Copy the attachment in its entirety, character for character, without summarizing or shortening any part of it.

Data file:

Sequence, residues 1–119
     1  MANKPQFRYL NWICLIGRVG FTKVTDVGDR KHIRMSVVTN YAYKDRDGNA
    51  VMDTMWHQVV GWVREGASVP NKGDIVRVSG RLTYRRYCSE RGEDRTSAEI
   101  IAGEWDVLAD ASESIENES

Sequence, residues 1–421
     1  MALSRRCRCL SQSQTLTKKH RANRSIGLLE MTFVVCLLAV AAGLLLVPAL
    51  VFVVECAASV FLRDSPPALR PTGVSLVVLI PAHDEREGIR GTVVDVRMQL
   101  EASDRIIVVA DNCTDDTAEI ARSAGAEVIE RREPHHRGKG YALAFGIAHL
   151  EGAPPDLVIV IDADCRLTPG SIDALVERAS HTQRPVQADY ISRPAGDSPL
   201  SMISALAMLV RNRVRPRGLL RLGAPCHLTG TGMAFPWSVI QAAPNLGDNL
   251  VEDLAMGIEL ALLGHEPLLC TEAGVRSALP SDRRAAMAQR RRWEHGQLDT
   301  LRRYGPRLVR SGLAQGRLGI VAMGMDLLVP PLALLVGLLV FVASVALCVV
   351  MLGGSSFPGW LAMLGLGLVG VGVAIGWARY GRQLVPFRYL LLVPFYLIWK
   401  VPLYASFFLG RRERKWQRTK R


Sequence, residues 1–119
     1  MANKPQFRYL NWICLIGRVG FTKVTDVGDR KHIRMSVVTN YAYKDRDGNA
    51  VMDTMWHQVV GWVREGASVP NKGDIVRVSG RLTYRRYCSE RGEDRTSAEI
   101  IAGEWDVLAD ASESIENES

Sequence, residues 1–421
     1  MALSRRCRCL SQSQTLTKKH RANRSIGLLE MTFVVCLLAV AAGLLLVPAL
    51  VFVVECAASV FLRDSPPALR PTGVSLVVLI PAHDEREGIR GTVVDVRMQL
   101  EASDRIIVVA DNCTDDTAEI ARSAGAEVIE RREPHHRGKG YALAFGIAHL
   151  EGAPPDLVIV IDADCRLTPG SIDALVERAS HTQRPVQADY ISRPAGDSPL
   201  SMISALAMLV RNRVRPRGLL RLGAPCHLTG TGMAFPWSVI QAAPNLGDNL
   251  VEDLAMGIEL ALLGHEPLLC TEAGVRSALP SDRRAAMAQR RRWEHGQLDT
   301  LRRYGPRLVR SGLAQGRLGI VAMGMDLLVP PLALLVGLLV FVASVALCVV
   351  MLGGSSFPGW LAMLGLGLVG VGVAIGWARY GRQLVPFRYL LLVPFYLIWK
   401  VPLYASFFLG RRERKWQRTK R